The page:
Free and open to the public, the exhibit is on display through Feb. 24 and is located on the first- and second-floor lobbies at URI’s Feinstein Providence Campus at 80 Washington St., Providence. Hours are Monday through Thursday, 9 a.m. to 9 p.m., Friday and Saturday, 9 a.m. to 4 p.m.
All of the Americans featured in his works are those who the artist says “put themselves on the line, stood up for human rights issues, and made the United States a stronger nation.” Biographical information and study guide materials accompany the exhibit.
Shetterly, who lives in Brooksville, Me., graduated in 1969 from Harvard College with a degree in English Literature. After graduating, he taught himself drawing, printmaking, and painting. While trying to become proficient in printmaking and painting, he illustrated widely. For 12 years he did editorial page drawings for the Maine Times, illustrated National Audubon’s children’s newspaper Audubon Adventures, and approximately 30 books.
Now, his paintings and prints are in collections all over the U.S. and Europe. A collection of his drawings and etchings, Speaking Fire at Stones, was published in 1993. He is well known for his series of 70 painted etchings based on William Blake’s Proverbs of Hell, and for another series of 50 painted etchings reflecting on the metaphor of the Annunciation. His painting tends toward the narrative and the surreal, and he has not been, until this time, a portrait painter.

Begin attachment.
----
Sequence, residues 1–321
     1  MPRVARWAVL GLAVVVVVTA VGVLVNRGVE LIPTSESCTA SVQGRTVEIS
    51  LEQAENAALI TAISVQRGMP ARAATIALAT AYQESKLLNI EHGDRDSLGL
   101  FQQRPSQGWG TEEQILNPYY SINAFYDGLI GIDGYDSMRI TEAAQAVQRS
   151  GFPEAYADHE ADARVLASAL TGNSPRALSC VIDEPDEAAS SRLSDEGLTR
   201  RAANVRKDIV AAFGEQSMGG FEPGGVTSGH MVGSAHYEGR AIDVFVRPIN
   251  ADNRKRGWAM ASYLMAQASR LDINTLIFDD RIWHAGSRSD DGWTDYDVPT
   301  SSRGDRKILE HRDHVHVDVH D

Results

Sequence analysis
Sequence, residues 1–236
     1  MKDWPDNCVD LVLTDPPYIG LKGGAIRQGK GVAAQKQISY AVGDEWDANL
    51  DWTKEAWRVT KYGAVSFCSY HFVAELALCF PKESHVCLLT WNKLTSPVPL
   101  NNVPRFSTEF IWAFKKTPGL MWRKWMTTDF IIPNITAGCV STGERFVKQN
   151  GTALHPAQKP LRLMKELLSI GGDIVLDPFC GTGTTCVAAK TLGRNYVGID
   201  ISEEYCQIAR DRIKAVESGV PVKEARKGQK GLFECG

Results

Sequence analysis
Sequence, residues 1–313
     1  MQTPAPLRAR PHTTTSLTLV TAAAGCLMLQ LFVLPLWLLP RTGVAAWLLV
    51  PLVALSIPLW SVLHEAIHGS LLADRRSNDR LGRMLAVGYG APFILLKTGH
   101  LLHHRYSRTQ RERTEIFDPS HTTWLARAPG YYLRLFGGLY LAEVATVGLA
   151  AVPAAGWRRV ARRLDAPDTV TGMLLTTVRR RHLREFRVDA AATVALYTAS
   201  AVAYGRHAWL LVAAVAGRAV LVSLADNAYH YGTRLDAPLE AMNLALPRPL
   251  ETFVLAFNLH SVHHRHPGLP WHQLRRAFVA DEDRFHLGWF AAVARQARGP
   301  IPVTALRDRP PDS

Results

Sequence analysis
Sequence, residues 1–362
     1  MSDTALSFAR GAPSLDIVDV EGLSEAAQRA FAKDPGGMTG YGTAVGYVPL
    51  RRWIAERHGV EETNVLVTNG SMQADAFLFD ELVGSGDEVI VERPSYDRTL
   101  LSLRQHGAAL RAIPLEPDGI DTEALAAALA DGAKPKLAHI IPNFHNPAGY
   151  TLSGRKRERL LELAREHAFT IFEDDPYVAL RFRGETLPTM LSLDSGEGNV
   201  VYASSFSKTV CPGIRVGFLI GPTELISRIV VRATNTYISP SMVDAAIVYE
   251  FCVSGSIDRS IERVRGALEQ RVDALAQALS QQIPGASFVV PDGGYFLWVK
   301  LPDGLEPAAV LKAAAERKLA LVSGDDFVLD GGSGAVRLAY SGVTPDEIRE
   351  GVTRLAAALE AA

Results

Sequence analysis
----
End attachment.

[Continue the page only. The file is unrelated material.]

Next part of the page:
Among the 60 portraits being shown are Mahammad Ali, James Baldwin, Ossie Davis, Frederick Douglass, W.E.B. DuBois, Ralph Ellison, Dwight Eisenhower, Langston Hughes, Zora Neale Hurston, Mother Jones, Helen Keller, Robert Kennedy, Martin Luther King, Jr., Dorothea Lange, Abraham Lincoln, Rosa Parks, Paul Robeson, Eleanor Roosevelt, Margaret Chase Smith, Elizabeth Cady Stanton, Henry David Thoreau, Sojourner Truth, Harriet Tubman, Mark Twain, Malcolm X, Walt Whitman, and Chief Joseph Hinmaton Yalaktit.
Americans Who Tell the Truth on exhibition at URI’s Feinstein Providence Campus. Shown at the show’s opening, artist Robert Shetterly, meets with campus visitors.